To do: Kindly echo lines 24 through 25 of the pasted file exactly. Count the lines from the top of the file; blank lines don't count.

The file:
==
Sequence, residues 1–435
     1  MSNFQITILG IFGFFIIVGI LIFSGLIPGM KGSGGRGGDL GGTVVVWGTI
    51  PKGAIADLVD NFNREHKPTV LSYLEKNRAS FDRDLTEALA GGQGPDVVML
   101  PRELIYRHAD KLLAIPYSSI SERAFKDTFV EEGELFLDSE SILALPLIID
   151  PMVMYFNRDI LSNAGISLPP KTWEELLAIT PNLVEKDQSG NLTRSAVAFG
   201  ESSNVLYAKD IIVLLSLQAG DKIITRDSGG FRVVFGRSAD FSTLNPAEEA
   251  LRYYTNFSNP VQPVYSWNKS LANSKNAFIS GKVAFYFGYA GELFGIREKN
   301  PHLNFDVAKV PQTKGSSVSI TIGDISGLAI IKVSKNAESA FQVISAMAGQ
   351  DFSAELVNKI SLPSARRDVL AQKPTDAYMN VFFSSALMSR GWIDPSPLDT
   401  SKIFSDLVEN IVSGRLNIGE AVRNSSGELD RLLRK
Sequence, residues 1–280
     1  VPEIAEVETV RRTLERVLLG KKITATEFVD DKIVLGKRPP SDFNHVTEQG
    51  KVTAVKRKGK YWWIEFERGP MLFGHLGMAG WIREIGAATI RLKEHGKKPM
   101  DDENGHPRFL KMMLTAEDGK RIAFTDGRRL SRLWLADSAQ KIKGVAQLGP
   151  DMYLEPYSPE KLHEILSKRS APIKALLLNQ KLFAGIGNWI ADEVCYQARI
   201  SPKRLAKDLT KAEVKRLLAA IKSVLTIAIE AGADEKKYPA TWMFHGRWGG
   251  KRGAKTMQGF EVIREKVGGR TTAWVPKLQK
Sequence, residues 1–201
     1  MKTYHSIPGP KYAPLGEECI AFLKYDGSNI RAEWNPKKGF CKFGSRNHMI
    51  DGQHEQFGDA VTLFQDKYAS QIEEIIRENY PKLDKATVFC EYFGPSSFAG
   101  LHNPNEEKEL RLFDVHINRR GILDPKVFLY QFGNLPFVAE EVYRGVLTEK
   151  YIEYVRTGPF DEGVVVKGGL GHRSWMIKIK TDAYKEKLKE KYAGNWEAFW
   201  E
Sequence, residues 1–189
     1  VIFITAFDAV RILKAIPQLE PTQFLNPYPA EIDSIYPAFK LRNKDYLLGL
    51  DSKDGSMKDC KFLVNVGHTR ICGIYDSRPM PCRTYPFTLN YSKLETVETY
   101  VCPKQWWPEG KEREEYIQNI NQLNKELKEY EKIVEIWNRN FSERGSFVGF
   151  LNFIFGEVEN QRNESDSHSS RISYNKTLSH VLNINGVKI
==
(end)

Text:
Sequence, residues 1–189
     1  VIFITAFDAV RILKAIPQLE PTQFLNPYPA EIDSIYPAFK LRNKDYLLGL